Winter provides a great opportunity across Canada to enjoy skiing, snowboarding, ice skating, snowshoeing, snowmobiling, hockey, and other winter sports. Unfortunately, as fun as these activities can be, they also pose the risk of personal injury. In recent years, hospitals in British Columbia have seen increasing numbers of patients injured while participating in winter sports.
To help you and your loved ones better understand the risks associated with winter sports and how to avoid them, we’ve collected information about five common winter sports injuries in British Columbia and tips on how to prevent them.
The ACL, or anterior cruciate ligament, is the main knee ligament connecting the femur (thigh bone) to the tibia (shin bone). Although leg fractures sustained while skiing are fairly rare, tears or other damage to the ACL is quite common. These injuries typically occur when a skier falls and twists his or her knee by reaching uphill or squatting to break the fall.
ACL tears also often result from failing to land a jump on both skis, causing the tibia to push up against the femur.
Another common knee injury often sustained by skiers is damage to the medial collateral ligament (MCL). Like the ACL, the MCL connects the femur to the tibia on the inside of the knee. It helps protect the knee against sideways forces (called valgus forces) that could cause the knee to bend outwards.
Injury to the MCL typically occurs when a skier falls while the tips of his or her skis are angled towards each other in a triangular snow plow position.
Skier’s thumb or gamekeeper’s thumb refers to a tear of the ulnar collateral ligament (UCL) at the base of the thumb. Like the MCL in the knee, the UCL in the thumb helps protect against valgus forces. But too much force on the UCL can cause it to tear.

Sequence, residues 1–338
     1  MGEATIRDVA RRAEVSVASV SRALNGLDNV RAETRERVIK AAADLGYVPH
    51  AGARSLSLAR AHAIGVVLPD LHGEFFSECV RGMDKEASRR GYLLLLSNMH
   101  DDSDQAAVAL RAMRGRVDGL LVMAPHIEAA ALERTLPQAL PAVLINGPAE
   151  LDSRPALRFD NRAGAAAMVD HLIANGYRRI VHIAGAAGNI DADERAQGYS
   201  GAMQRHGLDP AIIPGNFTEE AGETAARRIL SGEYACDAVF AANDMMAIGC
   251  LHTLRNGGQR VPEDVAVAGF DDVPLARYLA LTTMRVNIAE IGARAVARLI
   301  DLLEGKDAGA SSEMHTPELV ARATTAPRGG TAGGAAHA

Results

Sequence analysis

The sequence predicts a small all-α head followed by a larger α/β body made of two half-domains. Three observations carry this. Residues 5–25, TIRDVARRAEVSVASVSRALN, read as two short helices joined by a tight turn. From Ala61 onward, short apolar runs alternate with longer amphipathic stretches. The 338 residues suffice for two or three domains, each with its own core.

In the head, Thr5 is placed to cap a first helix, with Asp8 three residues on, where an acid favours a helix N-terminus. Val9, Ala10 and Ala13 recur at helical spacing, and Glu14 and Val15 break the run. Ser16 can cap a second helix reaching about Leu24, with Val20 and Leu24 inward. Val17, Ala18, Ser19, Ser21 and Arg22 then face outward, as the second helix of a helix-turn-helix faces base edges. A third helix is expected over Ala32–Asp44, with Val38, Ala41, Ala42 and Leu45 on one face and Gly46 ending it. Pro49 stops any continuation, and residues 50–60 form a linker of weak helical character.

In skiing, this typically occurs when a skier falls on an outstretched hand while holding a ski pole, putting force on the thumb and stretching or tearing the UCL. This type of injury can also occur in other sports, like volleyball, when someone attempts to break a fall by stretching out his or her hand.
Immediate pressure placed on the wrist during a fall can result in injury such as fractures. Unfortunately, immediate pressure on the wrist is our natural reaction to falling, because we instinctively reach out to brace ourselves against the fall. Falling is especially common in winter sports, because they include all manner of snow, ice, and other slick conditions.
Fractures that extend into the joint can be particularly severe because they may lead to arthritis.
Falls on ice can often lead to a sprained or fractured ankle. In some cases, surgery may be required to repair an ankle fracture. Like wrist fractures, ankle fractures can be particularly serious because, if the fracture extends into the joint, it can lead to arthritis down the road. That can mean further surgeries, including an ankle fusion or replacement surgery.
With the falls that commonly occur in snowboarding, skiing, hockey, and ice skating, concussions are also common injuries sustained in winter sports. Concussions result when impact to the head causes trauma. Concussions are a leading cause of death and disability among skiers and snowboarders, and the symptoms of these types of injuries can be permanent.
Even minor concussions can lead to serious and permanent symptoms. It is important to seek out treatment soon after a concussion and treat this as a serious injury to increase your chances of a full recovery.
Winter sports can be great fun for the whole family, but participating in them safely requires a bit of thought and preparation beforehand. Understanding what risks winter sports pose to your health and safety and how best to avoid those risks can let you and your family safely engage in all that British Columbia’s winter sports scene has to offer.